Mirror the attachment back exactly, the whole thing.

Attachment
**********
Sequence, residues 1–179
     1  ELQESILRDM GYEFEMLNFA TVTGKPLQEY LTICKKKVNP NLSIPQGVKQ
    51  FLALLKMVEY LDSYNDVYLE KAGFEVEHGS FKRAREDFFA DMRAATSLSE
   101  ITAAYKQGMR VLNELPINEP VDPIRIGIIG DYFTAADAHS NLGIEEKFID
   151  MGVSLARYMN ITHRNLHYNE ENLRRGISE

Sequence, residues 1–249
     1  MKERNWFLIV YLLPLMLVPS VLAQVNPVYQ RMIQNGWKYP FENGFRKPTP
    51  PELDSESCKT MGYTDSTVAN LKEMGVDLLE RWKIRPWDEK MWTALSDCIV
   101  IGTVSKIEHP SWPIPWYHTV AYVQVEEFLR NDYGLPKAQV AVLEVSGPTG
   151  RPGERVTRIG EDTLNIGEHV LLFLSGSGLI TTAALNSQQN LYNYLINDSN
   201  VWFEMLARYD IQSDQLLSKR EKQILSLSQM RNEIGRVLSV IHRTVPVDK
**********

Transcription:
Sequence, residues 1–179
     1  ELQESILRDM GYEFEMLNFA TVTGKPLQEY LTICKKKVNP NLSIPQGVKQ
    51  FLALLKMVEY LDSYNDVYLE KAGFEVEHGS FKRAREDFFA DMRAATSLSE
   101  ITAAYKQGMR VLNELPINEP VDPIRIGIIG DYFTAADAHS NLGIEEKFID
   151  MGVSLARYMN ITHRNLHYNE ENLRRGISE

Sequence, residues 1–249
     1  MKERNWFLIV YLLPLMLVPS VLAQVNPVYQ RMIQNGWKYP FENGFRKPTP
    51  PELDSESCKT MGYTDSTVAN LKEMGVDLLE RWKIRPWDEK MWTALSDCIV
   101  IGTVSKIEHP SWPIPWYHTV AYVQVEEFLR NDYGLPKAQV AVLEVSGPTG
   151  RPGERVTRIG EDTLNIGEHV LLFLSGSGLI TTAALNSQQN LYNYLINDSN
   201  VWFEMLARYD IQSDQLLSKR EKQILSLSQM RNEIGRVLSV IHRTVPVDK